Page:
As for who gets to be neighbors with Future Rick, Morgan and Tara and probably the longest-serving character at risk. I don’t think we’ll lose any of the big five (Rick, Carl, Daryl, Carol, Michonne) or little Judith. I think Eugene and Gregory are most likely to die among characters not currently trapped in a dark trailer with Negan. There are dozens of named minor characters at this point, several of whom we’ll get to know briefly before they find a spot on Chris Hardwick’s couch for an exit interview. But I predict Morgan as the biggest death this season, which will inspire a new era of peace.
On the plus side, a season-long war between all the humans in suburban D.C. west of the Potomac could be just what the show needs to make it fun again. There was only so much all-powerful Negan I could take. But what about the walkers? Since Rick’s gang became efficient zombie-killing machines, it’s been harder to make the walkers seem much of a threat. Is the new horde they lured to the Sanctuary going to mean a bigger zombie threat this season? Will this be more of a three-sided war? And who’s your pick for the Walking Dead celebrity death watch?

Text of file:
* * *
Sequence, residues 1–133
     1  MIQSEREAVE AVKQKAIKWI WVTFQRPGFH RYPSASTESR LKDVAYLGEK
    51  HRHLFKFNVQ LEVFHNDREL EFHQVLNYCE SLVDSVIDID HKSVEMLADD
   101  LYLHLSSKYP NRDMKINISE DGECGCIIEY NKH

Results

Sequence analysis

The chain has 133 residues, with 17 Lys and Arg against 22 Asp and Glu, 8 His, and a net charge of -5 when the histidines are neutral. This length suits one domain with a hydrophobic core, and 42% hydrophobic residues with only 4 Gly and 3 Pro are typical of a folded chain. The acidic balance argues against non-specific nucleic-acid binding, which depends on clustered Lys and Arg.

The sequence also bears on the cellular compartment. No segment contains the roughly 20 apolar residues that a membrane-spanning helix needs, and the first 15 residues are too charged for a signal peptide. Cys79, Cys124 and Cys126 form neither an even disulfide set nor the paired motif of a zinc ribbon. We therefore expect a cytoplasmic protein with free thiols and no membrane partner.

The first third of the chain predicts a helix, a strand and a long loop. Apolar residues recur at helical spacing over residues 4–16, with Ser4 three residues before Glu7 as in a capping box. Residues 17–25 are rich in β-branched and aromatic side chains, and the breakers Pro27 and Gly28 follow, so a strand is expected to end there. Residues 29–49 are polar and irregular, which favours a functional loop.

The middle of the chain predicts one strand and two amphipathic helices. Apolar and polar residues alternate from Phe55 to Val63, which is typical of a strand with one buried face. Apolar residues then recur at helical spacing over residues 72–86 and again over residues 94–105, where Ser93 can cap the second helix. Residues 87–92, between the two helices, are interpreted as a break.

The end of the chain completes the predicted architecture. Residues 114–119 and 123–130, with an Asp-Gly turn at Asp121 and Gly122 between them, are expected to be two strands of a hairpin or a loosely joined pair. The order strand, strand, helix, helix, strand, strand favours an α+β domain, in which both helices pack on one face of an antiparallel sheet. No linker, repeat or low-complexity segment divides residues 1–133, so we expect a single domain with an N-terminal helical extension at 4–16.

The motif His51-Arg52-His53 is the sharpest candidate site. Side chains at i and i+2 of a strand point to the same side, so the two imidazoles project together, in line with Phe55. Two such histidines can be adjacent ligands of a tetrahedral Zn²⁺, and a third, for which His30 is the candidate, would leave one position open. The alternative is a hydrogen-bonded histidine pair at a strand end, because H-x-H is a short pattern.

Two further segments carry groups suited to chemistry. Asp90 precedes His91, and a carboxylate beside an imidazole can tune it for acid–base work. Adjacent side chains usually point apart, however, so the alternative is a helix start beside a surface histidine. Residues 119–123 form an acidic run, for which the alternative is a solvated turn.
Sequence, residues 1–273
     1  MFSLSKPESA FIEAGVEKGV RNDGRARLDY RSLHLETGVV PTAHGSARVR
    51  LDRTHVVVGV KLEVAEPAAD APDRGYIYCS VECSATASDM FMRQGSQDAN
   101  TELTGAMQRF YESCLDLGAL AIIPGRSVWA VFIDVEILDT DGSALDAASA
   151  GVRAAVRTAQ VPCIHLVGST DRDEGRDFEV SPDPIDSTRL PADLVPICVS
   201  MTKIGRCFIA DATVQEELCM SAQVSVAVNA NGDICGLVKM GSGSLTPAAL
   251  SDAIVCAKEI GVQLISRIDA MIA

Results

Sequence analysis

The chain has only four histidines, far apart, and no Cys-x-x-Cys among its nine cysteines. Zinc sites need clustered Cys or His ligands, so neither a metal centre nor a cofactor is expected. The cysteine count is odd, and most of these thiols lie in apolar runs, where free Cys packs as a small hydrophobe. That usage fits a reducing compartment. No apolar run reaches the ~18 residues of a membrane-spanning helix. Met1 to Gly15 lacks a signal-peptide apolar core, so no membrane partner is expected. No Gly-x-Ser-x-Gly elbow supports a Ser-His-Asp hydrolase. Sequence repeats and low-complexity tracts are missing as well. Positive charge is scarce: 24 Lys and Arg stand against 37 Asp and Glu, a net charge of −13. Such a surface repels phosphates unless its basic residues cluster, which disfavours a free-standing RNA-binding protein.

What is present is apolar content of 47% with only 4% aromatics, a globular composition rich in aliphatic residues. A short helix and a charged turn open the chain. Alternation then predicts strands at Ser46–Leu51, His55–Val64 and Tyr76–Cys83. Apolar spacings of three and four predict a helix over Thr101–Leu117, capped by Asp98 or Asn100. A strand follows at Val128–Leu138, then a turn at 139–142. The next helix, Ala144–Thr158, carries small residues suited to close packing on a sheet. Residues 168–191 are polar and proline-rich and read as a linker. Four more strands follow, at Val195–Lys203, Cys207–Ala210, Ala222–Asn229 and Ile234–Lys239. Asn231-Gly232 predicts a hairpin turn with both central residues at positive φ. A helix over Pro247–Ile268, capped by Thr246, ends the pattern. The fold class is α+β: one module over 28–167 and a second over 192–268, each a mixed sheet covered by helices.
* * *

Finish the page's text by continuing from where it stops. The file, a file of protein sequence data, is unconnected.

I’m pretty sure we are long past the era of the Walkers ever being more than a tangential threat on this show. Case in point: I fully expect the Saviors to deal with the current infestation surrounding their HQ without losing a single named/recognizable character, and it wouldn’t surprise me at all if it more or less happens entirely off-screen. By the end of next week’s episode, they’ll have dealt with that problem and already be presenting entirely new threats to the Grimes Gang, mark my words.